must be provided.                                substantial structures in their own right.
                                                 The supports for gantries cannot be made
                                                 breakaway so an alternative treatment is
                                                 required to shield traffic from them. The


                                                                                          June 2005
                                                                                             8-105
    Department of Main Roads                                                                   Chapter 8
    Road Planning and Design Manual                                Safety Barriers and Roadside Furniture




    clearance to the support is to be in              the road lighting design process might place
    accordance with Section 8.1 and Chapter 7         the poles within the roadside clear zone.
    of this Manual.                                   The poles may therefore become hazards.
    If roadside barrier is installed for another      Sometimes the road lighting design requires
    reason, the gantry supports can be located        that poles be placed in high risk zones such
    behind that barrier. If necessary, the barrier    as gore areas and splitter islands at
    should be extended to accommodate the             roundabouts, off ramps and intersections. If
    sign supports if the location of the gantry       locations with lower risks are available that

8   cannot be moved to suit the barrier. The
    design of the barrier is to be in accordance
    with Sections 8.1 and 8.2.
                                                      still satisfy the road lighting design, they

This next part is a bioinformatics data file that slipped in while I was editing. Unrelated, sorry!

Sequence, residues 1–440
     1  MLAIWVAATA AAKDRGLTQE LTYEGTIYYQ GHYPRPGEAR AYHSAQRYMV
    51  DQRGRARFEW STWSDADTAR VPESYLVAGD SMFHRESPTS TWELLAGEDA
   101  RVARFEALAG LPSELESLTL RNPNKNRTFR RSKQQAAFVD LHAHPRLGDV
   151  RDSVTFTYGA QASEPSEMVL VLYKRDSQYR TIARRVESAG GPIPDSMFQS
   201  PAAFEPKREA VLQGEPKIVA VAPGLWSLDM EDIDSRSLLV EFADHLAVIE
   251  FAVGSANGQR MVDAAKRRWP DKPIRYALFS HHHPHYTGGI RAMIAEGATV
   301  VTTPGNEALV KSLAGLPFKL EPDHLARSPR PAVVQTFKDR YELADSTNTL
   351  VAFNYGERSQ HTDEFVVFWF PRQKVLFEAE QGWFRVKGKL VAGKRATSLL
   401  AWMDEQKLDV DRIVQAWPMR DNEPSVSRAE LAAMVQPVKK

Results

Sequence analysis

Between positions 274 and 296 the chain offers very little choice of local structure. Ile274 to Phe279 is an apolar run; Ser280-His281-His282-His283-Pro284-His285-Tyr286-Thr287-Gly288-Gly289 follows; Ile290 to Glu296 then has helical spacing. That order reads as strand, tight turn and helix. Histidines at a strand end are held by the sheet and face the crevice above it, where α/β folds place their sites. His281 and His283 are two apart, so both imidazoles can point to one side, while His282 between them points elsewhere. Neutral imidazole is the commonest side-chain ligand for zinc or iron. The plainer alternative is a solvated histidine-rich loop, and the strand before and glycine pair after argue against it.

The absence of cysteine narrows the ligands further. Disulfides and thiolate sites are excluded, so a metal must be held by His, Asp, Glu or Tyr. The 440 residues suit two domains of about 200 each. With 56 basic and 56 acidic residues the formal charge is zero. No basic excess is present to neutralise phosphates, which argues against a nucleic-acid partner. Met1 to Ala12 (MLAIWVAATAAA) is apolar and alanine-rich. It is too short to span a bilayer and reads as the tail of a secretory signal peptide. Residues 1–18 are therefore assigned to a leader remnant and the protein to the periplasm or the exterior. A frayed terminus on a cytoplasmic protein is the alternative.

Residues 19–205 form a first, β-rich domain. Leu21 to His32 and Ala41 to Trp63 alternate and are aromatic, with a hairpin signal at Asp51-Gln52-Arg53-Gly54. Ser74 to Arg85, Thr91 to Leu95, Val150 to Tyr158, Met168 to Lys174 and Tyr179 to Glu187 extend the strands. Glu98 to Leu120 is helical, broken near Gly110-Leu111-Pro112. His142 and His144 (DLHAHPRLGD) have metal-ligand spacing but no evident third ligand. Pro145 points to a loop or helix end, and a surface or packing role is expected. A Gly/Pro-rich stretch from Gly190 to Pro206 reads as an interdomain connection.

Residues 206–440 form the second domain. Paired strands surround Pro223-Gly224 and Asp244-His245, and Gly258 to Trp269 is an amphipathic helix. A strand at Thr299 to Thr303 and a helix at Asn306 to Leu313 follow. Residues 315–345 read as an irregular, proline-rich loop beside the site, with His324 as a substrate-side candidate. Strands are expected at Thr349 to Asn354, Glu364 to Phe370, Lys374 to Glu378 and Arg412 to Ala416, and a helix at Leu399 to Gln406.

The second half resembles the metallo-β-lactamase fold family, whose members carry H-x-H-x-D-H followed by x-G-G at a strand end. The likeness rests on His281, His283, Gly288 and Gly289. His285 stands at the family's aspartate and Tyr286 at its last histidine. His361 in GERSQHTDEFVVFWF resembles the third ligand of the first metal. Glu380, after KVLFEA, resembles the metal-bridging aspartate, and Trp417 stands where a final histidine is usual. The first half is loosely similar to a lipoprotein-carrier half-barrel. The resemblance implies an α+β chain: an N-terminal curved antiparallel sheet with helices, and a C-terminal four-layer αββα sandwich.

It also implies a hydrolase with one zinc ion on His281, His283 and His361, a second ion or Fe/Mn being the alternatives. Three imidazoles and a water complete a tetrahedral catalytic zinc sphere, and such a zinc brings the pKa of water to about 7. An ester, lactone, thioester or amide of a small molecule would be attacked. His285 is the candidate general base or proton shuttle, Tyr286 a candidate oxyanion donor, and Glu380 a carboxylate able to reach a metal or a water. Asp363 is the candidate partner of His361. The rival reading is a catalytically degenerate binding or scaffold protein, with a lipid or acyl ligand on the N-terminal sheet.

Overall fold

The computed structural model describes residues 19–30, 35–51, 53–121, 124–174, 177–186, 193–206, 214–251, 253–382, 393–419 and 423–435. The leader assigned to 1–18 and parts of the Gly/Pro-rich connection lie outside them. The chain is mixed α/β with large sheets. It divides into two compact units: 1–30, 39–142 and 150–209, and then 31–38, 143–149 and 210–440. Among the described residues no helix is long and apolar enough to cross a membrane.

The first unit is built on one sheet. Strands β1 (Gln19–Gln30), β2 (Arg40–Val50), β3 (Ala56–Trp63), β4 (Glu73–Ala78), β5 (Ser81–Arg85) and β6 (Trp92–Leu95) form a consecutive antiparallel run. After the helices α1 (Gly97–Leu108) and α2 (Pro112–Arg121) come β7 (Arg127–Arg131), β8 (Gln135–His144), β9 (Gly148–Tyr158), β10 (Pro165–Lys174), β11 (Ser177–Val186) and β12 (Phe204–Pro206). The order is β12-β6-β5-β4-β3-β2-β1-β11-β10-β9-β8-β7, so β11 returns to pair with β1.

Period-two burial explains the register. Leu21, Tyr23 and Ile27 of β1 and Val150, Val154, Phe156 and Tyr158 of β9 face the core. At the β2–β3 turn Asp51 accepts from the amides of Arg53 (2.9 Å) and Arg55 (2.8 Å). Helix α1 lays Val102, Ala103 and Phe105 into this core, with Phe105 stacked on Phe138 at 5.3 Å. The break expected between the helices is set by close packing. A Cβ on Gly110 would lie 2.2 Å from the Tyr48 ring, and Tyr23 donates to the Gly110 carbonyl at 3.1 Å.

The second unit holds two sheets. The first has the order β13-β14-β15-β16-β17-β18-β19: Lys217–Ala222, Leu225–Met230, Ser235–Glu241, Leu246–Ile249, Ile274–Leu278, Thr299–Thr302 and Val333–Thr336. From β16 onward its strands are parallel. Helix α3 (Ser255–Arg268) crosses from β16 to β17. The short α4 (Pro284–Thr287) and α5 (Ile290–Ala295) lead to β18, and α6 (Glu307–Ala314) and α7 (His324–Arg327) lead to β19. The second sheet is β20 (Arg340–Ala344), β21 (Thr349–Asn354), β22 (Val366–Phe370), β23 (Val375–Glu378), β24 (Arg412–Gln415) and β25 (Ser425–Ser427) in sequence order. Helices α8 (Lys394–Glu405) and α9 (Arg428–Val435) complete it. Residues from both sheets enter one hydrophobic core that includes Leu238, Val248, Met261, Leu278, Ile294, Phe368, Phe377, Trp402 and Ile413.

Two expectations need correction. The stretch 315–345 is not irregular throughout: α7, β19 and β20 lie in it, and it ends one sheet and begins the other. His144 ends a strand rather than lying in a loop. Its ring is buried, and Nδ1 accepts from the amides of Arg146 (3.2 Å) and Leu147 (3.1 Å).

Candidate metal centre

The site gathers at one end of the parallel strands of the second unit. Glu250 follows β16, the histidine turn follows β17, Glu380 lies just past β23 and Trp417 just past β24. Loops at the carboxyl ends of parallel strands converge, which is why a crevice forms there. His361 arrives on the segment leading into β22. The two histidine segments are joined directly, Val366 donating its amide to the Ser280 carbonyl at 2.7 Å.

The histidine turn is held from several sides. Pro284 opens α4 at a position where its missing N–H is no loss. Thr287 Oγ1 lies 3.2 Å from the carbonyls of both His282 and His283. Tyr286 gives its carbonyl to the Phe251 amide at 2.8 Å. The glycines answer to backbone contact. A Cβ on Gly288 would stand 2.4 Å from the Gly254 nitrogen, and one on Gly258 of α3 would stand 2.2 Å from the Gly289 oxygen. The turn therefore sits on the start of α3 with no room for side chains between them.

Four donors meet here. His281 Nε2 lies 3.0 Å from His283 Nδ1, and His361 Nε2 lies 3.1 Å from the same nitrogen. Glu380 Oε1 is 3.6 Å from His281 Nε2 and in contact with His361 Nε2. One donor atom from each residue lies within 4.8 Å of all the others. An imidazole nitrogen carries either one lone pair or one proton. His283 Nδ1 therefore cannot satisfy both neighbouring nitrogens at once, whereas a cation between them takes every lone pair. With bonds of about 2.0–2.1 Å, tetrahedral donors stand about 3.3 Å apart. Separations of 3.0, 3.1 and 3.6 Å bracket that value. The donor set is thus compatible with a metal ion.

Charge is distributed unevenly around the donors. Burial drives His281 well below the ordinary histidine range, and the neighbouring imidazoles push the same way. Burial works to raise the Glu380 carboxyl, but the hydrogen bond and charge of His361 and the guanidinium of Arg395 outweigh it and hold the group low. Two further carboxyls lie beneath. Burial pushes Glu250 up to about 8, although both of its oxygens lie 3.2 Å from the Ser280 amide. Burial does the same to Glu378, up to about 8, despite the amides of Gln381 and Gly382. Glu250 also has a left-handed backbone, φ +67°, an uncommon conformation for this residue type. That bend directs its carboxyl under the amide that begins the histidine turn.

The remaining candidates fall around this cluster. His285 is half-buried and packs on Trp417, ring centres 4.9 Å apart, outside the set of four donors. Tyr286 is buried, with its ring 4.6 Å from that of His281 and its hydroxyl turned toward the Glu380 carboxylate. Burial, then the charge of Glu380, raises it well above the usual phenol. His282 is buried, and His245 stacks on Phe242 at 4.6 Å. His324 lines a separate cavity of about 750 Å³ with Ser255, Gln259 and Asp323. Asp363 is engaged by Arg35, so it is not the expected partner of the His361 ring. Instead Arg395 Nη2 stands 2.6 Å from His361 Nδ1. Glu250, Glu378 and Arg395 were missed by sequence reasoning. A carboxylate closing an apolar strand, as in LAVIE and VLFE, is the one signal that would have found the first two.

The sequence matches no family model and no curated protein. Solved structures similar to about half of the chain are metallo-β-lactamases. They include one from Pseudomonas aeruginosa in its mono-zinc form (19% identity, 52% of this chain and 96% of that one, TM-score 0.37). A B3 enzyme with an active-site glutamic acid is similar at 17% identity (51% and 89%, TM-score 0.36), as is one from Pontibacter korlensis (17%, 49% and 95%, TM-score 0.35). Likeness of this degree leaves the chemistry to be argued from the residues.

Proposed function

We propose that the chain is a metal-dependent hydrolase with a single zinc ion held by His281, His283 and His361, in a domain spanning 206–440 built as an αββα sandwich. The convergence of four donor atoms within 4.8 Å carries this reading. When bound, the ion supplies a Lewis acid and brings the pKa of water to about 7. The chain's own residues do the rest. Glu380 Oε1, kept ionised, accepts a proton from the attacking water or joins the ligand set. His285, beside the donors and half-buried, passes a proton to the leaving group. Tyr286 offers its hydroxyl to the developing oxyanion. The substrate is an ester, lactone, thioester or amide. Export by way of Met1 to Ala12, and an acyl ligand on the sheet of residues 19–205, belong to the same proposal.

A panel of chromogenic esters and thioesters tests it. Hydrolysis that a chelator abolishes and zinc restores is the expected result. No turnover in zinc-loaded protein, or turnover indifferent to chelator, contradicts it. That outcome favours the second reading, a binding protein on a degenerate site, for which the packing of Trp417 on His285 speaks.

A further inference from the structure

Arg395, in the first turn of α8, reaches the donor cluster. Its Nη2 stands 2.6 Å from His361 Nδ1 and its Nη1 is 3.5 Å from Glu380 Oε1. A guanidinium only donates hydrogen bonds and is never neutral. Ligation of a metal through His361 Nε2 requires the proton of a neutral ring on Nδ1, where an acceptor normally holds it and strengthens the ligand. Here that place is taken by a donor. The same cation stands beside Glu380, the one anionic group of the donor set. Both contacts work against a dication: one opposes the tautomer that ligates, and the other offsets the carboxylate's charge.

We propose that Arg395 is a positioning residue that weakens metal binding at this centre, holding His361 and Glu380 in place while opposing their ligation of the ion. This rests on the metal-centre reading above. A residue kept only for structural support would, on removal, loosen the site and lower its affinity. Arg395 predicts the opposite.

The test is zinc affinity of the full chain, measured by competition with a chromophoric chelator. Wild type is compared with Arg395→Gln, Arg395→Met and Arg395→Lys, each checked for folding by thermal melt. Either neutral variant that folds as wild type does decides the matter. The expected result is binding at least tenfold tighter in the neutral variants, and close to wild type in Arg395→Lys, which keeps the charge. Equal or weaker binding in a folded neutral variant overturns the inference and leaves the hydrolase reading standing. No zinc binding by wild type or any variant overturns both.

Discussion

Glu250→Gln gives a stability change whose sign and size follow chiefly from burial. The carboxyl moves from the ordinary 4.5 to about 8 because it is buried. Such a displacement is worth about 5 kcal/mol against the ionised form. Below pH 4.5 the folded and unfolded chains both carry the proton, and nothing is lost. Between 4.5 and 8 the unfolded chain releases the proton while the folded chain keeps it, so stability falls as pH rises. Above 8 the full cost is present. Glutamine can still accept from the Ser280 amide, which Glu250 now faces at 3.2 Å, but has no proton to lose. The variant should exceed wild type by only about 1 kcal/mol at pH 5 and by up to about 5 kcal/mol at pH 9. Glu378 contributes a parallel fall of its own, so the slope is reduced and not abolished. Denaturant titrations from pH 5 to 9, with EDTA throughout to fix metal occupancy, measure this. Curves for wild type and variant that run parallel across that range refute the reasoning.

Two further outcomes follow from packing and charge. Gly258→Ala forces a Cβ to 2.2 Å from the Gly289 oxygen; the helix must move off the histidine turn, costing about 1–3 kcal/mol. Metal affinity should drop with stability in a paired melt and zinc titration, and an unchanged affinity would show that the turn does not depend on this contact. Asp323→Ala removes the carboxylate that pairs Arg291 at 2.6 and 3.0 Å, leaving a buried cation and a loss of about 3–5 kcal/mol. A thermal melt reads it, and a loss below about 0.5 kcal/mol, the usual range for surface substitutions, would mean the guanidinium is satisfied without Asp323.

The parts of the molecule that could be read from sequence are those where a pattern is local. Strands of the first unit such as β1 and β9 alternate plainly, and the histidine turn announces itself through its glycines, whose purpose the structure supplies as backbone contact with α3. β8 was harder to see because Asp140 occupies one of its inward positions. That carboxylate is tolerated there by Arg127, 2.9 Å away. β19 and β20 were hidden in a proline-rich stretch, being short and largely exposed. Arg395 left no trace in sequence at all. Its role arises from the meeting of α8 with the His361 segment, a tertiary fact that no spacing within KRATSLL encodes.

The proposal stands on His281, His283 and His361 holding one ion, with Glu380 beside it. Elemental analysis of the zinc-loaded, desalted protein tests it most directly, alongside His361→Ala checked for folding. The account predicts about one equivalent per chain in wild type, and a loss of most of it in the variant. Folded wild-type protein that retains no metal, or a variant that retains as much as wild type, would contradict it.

should be used. Such designs will reduce
                                                      the incidence of crashes and will therefore
                                                      reduce maintenance costs and lower the
    In some circumstances, the supports may be
                                                      probability of outages resulting from
    adequately shielded with an energy
                                                      crashes.
    absorbing device or safety barrier. The
    design of these devices must be in                If safety barrier is installed for some other
    accordance with Section 8.2.                      reason, the lighting poles should be placed
                                                      behind the safety barrier, thereby affording
    8.4.2       Street lighting poles                 motorists the necessary level of protection
                                                      required.     In these cases, fixed base
    Lighting design is covered in Chapter 17 of
                                                      installations may be used provided the
    this Manual. This section discusses details
                                                      barrier is a permanent one. Poles shall not
    of the lighting poles as roadside furniture,
                                                      be placed in the hazard-free zone required
    details of the poles are also provided.
                                                      by gating end treatments such as the MELT
    Standard Drawing 1370 shows the range of
                                                      (refer to Section 8.2).
    types of poles used in various applications
    for roadway lighting.                             Where no crash barriers are present and the
                                                      pole is in the clear zone, the poles should be
    Street lighting poles are provided to
                                                      made breakaway using a slip base, or a
    facilitate the provision of a lit road
                                                      frangible pole should be installed (refer to
    environment in accordance with the
                                                      the Main Roads Standard Drawing 1370 for
    relevant Australian Standards for road